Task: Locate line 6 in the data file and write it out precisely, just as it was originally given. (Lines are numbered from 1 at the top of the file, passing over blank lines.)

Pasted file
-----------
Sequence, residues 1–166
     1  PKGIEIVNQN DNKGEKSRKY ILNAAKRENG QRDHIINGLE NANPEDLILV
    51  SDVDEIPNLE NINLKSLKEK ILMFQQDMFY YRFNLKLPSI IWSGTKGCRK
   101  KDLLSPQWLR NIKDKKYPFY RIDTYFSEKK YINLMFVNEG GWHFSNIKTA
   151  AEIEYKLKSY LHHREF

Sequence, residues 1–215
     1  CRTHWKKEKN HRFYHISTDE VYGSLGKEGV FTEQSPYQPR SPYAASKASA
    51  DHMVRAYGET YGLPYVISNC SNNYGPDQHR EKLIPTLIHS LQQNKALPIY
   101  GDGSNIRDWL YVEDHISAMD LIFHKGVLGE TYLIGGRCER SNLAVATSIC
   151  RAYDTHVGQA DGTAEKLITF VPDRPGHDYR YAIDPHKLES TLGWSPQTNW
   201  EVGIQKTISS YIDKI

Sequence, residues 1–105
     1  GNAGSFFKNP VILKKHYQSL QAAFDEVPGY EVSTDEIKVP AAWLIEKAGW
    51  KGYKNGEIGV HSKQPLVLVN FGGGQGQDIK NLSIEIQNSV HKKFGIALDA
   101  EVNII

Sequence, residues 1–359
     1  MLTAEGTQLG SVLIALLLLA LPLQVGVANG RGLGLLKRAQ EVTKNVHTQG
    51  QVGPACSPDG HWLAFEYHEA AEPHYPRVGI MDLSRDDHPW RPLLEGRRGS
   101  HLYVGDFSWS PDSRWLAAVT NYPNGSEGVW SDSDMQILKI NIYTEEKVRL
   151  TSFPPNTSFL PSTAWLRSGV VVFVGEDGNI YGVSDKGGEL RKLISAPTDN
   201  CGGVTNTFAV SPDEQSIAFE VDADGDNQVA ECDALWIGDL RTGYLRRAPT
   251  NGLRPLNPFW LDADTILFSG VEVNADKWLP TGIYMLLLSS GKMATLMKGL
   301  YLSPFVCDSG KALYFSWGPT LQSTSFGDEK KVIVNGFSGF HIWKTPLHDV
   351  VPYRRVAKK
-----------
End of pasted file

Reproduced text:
Sequence, residues 1–215